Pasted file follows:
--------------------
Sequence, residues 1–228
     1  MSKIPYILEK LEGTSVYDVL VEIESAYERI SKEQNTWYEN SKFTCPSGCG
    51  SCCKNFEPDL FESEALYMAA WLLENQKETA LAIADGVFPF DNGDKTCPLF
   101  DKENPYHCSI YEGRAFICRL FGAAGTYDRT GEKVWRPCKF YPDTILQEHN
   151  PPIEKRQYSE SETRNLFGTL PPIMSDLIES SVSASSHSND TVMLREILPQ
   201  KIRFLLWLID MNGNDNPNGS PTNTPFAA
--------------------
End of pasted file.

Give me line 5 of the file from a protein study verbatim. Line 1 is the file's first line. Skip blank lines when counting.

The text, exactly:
   151  PPIEKRQYSE SETRNLFGTL PPIMSDLIES SVSASSHSND TVMLREILPQ